In 2018, Comcast expanded our Internet Essentials broadband adoption program to reach an estimated 1 million low-income veterans living in our service area around the country.
“Internet Essentials has had such a tremendously positive impact on so many families and children, opening up the door to a world of opportunity at home. Veterans have stood up for our country, so it’s important that we stand up for them by providing access to life-changing digital tools and resources,” says David L. Cohen, Senior Executive Vice President and Chief Diversity Officer of Comcast Corporation.
As part of the expansion — the second largest in the program’s history and the 11th in seven years — we partnered with the Elizabeth Dole Foundation and the PsychArmor Institute to provide digital skills training and increase awareness about the Internet Essentials program.
Veterans have stood up for our country, so it’s important that we stand up for them by providing access to life-changing digital tools and resources.
David L. Cohen
Senior Executive Vice President and Chief Diversity Officer, Comcast Corporation
Internet at home makes a huge difference — financially and socially — for veterans, their caregivers, and their families.
When Josh Delano left the Navy after four deployments to spend more time with his two school-age daughters, he struggled to make ends meet. With help from the federal G.I. Bill, he began studying electrical engineering at California State University, Fresno, but there were many day-to-day living expenses he hadn’t anticipated. Home internet seemed to be a luxury he couldn’t afford.
Delano found himself spending long hours at his college and local libraries to access the internet, and it began taking a very personal toll. “No internet at home meant giving up more time with my kids, which is the main reason I left the military in the first place,” he says.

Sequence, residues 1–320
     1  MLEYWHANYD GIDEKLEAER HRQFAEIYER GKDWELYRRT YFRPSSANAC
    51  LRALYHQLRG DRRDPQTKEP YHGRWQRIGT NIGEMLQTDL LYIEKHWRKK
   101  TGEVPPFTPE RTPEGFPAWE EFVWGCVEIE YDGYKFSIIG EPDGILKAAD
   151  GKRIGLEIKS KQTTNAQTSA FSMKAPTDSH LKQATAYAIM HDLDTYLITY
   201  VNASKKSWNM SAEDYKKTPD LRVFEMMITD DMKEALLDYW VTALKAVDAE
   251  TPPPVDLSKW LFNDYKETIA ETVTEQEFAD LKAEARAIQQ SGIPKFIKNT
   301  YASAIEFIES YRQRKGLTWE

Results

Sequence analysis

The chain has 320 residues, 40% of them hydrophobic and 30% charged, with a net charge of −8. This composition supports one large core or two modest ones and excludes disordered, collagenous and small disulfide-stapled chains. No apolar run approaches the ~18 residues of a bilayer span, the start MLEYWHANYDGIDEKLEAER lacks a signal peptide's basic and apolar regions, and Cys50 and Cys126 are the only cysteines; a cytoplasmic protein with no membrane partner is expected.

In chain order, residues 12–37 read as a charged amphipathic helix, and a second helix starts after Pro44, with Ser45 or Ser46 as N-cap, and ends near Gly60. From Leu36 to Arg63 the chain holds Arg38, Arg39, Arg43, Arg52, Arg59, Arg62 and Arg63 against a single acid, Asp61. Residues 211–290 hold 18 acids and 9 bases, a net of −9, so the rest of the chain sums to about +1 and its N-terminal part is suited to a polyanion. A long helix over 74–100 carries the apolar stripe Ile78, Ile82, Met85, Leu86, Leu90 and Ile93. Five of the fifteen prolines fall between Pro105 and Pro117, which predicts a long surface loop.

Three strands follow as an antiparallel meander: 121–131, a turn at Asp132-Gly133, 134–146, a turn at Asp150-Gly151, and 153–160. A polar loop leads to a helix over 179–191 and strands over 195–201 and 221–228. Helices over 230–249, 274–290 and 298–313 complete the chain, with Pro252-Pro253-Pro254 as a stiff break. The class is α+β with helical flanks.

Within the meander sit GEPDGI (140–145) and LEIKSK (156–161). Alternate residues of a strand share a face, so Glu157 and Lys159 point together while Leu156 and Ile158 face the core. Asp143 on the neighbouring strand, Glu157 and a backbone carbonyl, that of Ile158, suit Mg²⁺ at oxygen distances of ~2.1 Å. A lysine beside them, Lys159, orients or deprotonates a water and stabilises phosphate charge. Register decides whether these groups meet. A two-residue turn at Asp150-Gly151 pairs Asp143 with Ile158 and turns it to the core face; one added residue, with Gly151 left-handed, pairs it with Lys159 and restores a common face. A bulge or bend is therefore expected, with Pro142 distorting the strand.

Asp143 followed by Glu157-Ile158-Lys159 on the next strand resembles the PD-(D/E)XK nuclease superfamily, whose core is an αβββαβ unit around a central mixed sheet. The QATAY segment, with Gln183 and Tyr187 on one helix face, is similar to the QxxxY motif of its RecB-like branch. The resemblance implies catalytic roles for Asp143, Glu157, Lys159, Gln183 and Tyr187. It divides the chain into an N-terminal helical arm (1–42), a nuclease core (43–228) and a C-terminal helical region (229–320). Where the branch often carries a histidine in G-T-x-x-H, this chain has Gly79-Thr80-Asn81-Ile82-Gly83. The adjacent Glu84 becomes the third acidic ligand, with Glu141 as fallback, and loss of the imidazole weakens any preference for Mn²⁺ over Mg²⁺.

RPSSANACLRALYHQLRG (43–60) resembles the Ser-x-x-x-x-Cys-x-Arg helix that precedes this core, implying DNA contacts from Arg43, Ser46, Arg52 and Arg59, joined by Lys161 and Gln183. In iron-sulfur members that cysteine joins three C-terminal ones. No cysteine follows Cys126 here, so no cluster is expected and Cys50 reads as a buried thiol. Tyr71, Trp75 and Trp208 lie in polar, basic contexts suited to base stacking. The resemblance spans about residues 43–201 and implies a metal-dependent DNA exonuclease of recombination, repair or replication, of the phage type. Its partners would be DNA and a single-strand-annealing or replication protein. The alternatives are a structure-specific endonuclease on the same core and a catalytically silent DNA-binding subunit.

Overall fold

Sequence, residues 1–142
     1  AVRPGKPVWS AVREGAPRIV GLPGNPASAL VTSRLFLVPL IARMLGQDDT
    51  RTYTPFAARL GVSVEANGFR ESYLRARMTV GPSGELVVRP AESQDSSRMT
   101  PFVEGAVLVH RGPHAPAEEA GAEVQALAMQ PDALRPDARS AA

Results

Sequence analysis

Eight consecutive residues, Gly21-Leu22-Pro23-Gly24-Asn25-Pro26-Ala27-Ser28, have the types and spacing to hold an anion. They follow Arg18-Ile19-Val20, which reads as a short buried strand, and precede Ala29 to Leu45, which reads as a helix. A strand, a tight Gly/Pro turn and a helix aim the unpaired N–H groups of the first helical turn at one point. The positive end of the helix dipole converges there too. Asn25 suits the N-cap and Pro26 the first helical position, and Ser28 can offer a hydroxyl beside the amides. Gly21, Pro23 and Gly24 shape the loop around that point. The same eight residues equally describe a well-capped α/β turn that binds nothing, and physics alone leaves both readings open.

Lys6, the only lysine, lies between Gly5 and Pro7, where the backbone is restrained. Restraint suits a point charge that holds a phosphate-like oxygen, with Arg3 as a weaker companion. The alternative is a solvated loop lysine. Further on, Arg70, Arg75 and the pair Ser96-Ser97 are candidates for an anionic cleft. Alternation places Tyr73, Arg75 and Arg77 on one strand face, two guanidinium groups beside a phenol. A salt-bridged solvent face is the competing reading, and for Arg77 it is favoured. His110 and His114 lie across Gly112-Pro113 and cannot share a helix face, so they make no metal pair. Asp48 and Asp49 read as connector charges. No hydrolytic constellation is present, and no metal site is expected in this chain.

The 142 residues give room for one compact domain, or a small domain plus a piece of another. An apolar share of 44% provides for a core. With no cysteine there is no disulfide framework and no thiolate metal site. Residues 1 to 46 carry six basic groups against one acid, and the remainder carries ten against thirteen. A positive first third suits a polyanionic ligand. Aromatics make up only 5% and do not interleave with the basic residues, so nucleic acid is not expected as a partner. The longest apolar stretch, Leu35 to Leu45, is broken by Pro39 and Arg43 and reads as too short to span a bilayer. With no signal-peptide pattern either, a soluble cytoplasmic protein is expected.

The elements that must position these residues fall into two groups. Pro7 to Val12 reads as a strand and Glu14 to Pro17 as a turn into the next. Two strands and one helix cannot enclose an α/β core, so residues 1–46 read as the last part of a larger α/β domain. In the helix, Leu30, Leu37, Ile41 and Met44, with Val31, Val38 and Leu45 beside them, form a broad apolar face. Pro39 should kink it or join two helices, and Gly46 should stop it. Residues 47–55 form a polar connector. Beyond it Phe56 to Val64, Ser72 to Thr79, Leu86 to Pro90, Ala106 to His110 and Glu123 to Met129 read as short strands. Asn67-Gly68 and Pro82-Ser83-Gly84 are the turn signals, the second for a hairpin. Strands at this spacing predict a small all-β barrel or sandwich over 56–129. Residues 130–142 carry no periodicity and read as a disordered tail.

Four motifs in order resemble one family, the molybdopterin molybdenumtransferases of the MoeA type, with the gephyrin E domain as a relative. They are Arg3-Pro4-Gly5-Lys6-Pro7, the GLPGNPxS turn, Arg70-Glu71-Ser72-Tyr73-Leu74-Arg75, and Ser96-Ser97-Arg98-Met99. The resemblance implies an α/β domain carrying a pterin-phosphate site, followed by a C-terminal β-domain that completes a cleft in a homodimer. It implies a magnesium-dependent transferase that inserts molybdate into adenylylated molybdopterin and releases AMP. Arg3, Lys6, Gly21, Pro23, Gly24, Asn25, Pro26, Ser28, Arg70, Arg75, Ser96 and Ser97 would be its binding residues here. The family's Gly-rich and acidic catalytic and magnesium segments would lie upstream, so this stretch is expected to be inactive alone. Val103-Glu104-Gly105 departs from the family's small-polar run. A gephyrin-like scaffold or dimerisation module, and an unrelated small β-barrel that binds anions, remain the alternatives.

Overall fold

Getting internet through the Internet Essentials program — at a cost of $9.95 a month — allowed him to study, read online textbooks, email his professors and classmates, and submit course assignments right from his kitchen table. Being connected at home also allowed Josh to spend more time with his daughters while successfully completing his degree. “Having the internet at home is mission critical to going to college,” says Delano, who got a job as an electrical engineer after graduating in June 2018.
Delano ticks off a list of other timesaving benefits to having the internet at home, from online bill paying to shopping to entertainment. “Time was my most precious resource, and I needed to conserve time to do all my homework, help out my kids with their homework, and do what I needed to do to maintain a home,” Delano explains.
Like any community, our veterans rely on internet access to succeed, says U.S. Army Brigadier General (Retired) Carol Eggert, Senior Vice President for Military and Veteran Affairs at Comcast NBCUniversal. “Josh Delano and his family can better focus on their priorities without the obstacles they once faced. We want to make that happen for as many other veterans and their loved ones as possible.”
Creating greater internet access for military families can also help be a bridge to essential health and wellness resources. For a population that has disproportionate rates of depression and suicide, support from online communities is literally a lifesaver. Schwab, of the Elizabeth Dole Foundation, says veterans and their caregivers repeat a similar refrain once they obtain the internet at home for the first time. “The quote I hear over and over again is: ‘It’s changed my life,’” he says.
Comcast NBCUniversal is a supporter of the Elizabeth Dole Foundation’s Hidden Heroes campaign, which offers an online community for military caregivers. TODAY Show anchor Savannah Guthrie is a Hidden Heroes Ambassador, helping to spread the message that caregivers are the glue holding military families together.
In the two years since the program began, nearly 130 communities nationwide have signed on as Hidden Heroes Cities to raise awareness and support of caregivers, veterans, and families. With funding from Comcast NBCUniversal, the Elizabeth Dole Foundation is poised to partner with nonprofits in 10 of those cities to establish computer labs and digital training programs for military families and caregivers.
“Having Comcast NBCUniversal as a partner has been a game changer,” Schwab says. “The company has amplified our message, including our focus on the caregiver, and allowed us to get that message out at a much faster rate than we otherwise could have.”